Further admonishing Russia, the Council of Europe suspended Russia from the main human rights organization on the continent. The 47-nation council said Russia it remained a member and continued to be bound by the relevant human rights conventions.

Undeterred in the game of punitive sanctions, Russia started its own tit-for-tat measures, banning British flights to and over its territory in retaliation for a similar UK ban on Aeroflot flights.

Russian authorities also announced the “partial restriction” of access to Facebook after the social network limited the accounts of various Kremlin-backed outlets. Russia’s state communications regulator Roskomnadzor said it has demanded that Facebook lift restrictions it placed on the state news agency on Thursday. RIA Novostithe state television channel Zvezda and pro-Kremlin news sites Slow.Ru and Gazeta.Ru.

However, with the Kremlin’s eyes completely focused on expanding attacks on Ukraine, almost all the action was still in one direction.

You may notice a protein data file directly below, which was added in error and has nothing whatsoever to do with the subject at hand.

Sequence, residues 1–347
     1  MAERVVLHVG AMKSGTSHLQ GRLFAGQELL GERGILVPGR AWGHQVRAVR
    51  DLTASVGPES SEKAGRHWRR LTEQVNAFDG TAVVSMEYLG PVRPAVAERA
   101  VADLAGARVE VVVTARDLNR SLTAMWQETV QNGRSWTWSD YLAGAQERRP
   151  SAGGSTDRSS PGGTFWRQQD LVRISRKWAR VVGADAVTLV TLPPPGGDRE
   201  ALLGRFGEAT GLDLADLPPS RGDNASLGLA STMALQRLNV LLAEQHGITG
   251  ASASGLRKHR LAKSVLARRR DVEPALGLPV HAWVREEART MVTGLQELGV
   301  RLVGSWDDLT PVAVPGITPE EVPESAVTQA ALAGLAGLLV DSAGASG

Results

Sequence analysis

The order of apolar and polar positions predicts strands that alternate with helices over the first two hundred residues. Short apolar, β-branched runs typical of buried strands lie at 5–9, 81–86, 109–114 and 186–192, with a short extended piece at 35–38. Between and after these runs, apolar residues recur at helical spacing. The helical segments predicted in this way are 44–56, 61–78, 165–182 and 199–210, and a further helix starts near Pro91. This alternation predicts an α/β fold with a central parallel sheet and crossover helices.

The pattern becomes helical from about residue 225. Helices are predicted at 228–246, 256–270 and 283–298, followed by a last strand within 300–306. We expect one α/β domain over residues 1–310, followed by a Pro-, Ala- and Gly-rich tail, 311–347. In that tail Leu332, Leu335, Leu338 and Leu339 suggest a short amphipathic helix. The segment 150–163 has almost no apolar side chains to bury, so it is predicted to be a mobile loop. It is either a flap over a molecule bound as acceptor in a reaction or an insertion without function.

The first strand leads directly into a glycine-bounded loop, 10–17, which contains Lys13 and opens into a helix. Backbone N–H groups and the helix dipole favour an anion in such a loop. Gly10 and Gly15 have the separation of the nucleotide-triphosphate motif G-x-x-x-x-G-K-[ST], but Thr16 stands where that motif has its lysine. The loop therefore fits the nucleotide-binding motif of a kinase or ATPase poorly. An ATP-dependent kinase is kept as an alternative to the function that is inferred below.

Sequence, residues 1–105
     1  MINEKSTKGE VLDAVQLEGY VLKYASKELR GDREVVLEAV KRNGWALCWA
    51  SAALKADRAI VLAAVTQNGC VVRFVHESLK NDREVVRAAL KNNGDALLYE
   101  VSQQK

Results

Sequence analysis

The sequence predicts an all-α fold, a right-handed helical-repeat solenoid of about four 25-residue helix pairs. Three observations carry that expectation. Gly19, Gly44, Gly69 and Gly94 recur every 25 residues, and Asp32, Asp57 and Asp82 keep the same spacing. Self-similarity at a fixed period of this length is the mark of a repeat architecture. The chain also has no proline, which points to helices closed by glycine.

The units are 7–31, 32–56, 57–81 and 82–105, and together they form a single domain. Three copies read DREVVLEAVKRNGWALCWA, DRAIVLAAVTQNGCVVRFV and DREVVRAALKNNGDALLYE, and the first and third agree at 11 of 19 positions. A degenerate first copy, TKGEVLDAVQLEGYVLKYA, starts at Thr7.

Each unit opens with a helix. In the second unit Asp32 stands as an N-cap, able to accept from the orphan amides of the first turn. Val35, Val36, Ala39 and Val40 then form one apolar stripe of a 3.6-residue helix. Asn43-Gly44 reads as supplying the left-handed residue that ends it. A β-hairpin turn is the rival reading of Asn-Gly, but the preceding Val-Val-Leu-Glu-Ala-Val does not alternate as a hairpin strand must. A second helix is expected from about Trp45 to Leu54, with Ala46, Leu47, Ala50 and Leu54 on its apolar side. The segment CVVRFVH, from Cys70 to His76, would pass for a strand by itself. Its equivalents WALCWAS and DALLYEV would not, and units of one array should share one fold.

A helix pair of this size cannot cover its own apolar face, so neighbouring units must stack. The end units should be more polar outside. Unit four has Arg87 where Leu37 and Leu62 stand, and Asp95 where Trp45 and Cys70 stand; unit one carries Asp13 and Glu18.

Russian authorities also announced the
Russian authorities also announced the “partial restriction” of access to Facebook after the social network limited the accounts of several Kremlin-backed media outlets (REUTERS/Dado Ruvic/Illustration/File Photo) (Dado Ruvic/)

The EU and other Western powers such as the United States and the United Kingdom have agreed to a series of sanctions targeting sectors ranging from Russia’s banking sector to its oil refineries and defense industry.

And just as Russia was making a pincer move to suffocate Ukraine and its capital, Kiev, Western powers were implementing measures aimed at “stifling the economy of Russia”, in the words of the French Foreign Minister, Jean-Yves Le Drian.